Become a more engaging leader with role-play

"Wow! I can't believe how horrible that made me feel!" one of my clients confessed. She and her colleagues were on the verge of discovering how to radically improve the way they engage with their own clients. They all worked for a government licensing group, the kind of team that's responsible for things like licensing restaurants, spas, retirement homes and daycares.

A big part of their job was going out to do on-site inspections. And it had become a real problem for them. The people whose premises they were inspecting hated having them on site and did everything they could to make the visits difficult and unpleasant. Or, at least that's the story I'd been told. 😉 But I had a hunch there was more to it than that.

So I set up a role-play exercise for my clients – the inspection team – to see what it felt like to be on the other end of an inspection. It turned out that they hated it. They felt that they were being treated like criminals, that the inspectors didn't respect them or their work, and that they were being smothered in red tape. The whole activity only took 15 minutes, but it was transformative in helping the inspection team discover how to improve engagement with their clients and generate better outcomes for all.

Knowing how to create real, lasting engagement is a core leadership skill. You can't get anything done if you can't get people to buy into the ideas you're selling - if you can't find a way to make them want to join you on your journey.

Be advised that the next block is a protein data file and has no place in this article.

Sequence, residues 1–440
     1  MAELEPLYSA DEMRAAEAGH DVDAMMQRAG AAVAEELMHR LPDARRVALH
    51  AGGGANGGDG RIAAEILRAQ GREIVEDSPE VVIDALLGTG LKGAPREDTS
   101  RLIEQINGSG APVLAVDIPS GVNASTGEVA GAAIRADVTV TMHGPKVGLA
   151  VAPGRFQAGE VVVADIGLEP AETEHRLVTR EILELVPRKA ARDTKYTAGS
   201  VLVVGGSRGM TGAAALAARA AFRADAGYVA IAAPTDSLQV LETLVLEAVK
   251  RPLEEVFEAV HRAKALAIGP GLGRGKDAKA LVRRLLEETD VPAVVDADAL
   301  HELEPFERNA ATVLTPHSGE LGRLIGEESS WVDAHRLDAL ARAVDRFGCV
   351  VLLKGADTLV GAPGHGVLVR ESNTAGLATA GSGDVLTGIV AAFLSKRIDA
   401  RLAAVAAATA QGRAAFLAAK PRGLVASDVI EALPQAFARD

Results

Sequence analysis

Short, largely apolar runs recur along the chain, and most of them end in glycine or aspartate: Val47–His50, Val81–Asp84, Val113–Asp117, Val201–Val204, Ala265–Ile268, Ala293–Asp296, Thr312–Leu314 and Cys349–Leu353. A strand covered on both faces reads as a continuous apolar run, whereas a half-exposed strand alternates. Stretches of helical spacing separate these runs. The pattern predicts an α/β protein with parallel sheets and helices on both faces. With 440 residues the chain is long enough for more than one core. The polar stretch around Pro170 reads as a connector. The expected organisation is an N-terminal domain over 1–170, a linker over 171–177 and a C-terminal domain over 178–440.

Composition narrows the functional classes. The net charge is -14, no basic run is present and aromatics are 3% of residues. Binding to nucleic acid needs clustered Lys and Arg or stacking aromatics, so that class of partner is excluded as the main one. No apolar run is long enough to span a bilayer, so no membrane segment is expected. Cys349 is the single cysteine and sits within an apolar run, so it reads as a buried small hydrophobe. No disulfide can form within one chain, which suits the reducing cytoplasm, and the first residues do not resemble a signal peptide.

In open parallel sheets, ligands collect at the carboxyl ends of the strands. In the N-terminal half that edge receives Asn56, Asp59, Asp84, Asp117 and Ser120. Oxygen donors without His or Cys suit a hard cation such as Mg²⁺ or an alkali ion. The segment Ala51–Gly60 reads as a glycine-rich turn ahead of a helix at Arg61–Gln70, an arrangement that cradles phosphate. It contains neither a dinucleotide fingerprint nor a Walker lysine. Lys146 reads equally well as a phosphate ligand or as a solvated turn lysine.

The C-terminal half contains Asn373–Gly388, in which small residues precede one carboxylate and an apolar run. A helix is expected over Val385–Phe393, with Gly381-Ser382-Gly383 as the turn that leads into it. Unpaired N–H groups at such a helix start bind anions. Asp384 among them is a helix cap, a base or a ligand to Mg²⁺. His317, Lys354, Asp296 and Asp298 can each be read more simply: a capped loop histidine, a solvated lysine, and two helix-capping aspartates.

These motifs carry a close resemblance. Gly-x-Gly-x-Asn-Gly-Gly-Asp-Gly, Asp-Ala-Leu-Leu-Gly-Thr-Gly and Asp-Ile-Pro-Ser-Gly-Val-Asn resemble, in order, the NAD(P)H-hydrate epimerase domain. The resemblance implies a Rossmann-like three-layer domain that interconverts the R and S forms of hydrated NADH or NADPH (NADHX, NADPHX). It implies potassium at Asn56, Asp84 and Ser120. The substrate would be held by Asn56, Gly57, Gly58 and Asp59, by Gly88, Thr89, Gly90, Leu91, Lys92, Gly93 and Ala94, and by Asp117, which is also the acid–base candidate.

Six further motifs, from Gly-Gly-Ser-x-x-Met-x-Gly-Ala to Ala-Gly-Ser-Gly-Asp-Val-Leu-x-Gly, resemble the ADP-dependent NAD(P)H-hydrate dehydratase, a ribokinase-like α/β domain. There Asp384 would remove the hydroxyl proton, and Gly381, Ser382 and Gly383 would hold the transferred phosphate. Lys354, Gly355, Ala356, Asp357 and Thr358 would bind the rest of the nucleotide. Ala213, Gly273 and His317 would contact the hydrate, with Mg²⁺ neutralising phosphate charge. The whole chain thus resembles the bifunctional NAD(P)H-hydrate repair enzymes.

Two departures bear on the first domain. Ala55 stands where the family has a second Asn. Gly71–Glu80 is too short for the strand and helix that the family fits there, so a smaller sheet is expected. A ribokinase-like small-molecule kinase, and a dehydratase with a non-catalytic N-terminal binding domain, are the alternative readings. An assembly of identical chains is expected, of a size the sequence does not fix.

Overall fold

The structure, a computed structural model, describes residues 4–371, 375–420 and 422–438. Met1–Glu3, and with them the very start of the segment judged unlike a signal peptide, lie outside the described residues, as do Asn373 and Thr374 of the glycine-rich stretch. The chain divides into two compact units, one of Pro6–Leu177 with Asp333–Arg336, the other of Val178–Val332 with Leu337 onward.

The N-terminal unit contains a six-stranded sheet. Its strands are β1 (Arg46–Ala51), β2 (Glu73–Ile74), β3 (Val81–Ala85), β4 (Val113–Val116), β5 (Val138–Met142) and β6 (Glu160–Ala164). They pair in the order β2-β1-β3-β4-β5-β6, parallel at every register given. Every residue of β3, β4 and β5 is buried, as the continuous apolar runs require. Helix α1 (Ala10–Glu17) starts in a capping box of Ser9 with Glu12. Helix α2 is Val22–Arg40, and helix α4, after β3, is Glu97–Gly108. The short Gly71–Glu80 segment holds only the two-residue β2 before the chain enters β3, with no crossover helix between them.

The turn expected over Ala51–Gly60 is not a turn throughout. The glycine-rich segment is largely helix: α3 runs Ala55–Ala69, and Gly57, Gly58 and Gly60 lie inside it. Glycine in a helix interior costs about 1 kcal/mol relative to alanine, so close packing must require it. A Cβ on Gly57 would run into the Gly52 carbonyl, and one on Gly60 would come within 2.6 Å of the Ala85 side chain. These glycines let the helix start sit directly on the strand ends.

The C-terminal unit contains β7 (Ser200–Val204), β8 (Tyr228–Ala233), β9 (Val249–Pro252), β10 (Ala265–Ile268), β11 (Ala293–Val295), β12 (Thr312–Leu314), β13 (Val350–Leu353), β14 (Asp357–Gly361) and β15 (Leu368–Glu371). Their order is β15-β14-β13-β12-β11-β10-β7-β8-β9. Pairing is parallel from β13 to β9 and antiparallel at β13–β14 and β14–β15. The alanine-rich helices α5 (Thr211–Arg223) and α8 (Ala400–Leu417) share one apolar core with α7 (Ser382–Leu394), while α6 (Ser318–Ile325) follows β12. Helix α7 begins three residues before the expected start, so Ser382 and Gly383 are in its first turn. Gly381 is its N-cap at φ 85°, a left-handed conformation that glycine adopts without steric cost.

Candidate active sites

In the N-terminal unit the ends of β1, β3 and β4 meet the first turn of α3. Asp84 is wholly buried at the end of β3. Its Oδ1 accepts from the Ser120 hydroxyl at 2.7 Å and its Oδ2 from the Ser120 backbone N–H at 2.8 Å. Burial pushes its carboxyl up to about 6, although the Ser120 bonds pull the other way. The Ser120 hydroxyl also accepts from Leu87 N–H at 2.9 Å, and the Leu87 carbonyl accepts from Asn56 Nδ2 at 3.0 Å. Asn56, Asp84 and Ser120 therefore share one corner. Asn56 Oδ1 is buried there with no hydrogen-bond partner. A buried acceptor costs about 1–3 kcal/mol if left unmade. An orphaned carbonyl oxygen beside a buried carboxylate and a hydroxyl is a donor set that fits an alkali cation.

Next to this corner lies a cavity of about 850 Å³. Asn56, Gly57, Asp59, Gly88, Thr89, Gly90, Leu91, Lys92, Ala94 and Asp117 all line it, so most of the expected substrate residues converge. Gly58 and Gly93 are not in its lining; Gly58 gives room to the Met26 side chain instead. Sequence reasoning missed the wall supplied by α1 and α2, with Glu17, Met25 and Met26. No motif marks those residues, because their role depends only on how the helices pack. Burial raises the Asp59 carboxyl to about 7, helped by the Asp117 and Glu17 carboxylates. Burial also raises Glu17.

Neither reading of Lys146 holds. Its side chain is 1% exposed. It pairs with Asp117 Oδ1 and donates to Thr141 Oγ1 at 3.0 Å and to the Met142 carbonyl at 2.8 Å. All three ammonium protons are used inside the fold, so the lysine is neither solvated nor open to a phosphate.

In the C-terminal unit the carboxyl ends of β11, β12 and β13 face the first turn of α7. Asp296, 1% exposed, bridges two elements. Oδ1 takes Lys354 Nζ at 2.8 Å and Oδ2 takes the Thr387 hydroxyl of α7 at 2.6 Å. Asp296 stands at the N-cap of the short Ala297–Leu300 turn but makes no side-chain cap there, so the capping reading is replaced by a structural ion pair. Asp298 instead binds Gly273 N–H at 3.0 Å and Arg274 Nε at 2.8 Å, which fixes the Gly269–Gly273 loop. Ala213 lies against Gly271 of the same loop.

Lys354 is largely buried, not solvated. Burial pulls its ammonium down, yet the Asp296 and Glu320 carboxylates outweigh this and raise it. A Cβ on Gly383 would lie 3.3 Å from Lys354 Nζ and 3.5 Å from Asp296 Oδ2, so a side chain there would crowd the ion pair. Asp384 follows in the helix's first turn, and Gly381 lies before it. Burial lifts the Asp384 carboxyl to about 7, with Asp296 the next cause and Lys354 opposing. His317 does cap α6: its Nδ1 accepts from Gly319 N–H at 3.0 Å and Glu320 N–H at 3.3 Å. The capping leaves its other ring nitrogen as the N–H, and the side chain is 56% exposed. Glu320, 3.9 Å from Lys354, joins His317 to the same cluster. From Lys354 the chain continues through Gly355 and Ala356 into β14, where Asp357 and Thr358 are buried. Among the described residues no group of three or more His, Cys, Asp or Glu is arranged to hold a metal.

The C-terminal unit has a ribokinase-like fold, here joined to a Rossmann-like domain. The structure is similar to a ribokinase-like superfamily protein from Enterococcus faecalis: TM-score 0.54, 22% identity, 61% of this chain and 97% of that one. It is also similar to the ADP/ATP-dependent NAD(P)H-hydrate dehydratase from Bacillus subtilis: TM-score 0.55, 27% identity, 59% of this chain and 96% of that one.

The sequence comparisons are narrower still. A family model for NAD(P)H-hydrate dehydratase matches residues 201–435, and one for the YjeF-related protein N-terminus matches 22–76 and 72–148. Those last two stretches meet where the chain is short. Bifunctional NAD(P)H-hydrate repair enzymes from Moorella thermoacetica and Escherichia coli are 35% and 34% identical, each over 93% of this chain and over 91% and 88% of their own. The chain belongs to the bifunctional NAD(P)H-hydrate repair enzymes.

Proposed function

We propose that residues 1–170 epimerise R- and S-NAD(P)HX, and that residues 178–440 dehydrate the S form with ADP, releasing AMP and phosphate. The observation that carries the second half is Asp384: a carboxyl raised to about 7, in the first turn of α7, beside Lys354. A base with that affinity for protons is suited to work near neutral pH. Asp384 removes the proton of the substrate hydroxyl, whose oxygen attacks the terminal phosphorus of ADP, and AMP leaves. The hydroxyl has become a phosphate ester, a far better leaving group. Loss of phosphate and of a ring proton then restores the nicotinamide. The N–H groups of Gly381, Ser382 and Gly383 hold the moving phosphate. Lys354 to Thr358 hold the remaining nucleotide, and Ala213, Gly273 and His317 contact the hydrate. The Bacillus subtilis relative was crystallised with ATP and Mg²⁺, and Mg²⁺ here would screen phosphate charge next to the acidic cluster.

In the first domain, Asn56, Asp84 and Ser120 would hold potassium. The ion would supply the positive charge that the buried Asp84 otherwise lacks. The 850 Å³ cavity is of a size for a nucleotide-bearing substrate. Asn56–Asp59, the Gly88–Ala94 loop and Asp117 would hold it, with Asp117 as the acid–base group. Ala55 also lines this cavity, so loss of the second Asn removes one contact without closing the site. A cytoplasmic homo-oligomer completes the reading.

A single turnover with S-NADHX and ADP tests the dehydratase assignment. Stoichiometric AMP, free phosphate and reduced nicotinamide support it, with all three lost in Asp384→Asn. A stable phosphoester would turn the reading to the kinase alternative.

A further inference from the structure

When I was doing my graduate research on engagement, I discovered that relevance is an essential ingredient to getting people on board. Just as you have to have a clear value proposition that is relevant to customers when you try to sell them a new product, leaders need to be able to show people how their big ideas are also relevant to them. This is especially true when doing things like writing proposals or pitching strategies.

But being able to stand in someone else's shoes and see things from their perspective can be tough for many. As a result, leaders end up targeting their messages exclusively to people who are just like them, who share their beliefs and values.

Running through a quick role-play exercise is a simple and powerful way to ensure that you understand the value your idea has for somebody who is different than you, so that you can tailor your approach to make it more appealing to them.

Here are 3 tips to make your role-play experience productive.

  • Study your character. Create a short profile of the person you're going to role-play, focussing on what you know about their values, beliefs, experiences and goals.
  • Pick a realistic scenario. Identify situations that have historically been problematic or represent an opportunity to change the nature of your relationship.
  • Pay attention to how you feel. Engage your heart as well as your head. Take a beat before and after you speak to see how the experience you're having is affecting you.

If you're nervous about not being able to "act" or appearing too vulnerable during the role-play, try it out first with someone you feel safe and comfortable with. Practice goes a long way to making this a productive experience.

Whether or not you see yourself as a leader, deepening your engagement and empathy skills to get to know others will help you be a better collaborator and move your goals forward. And who knows? You just might learn a little something about yourself too. 😉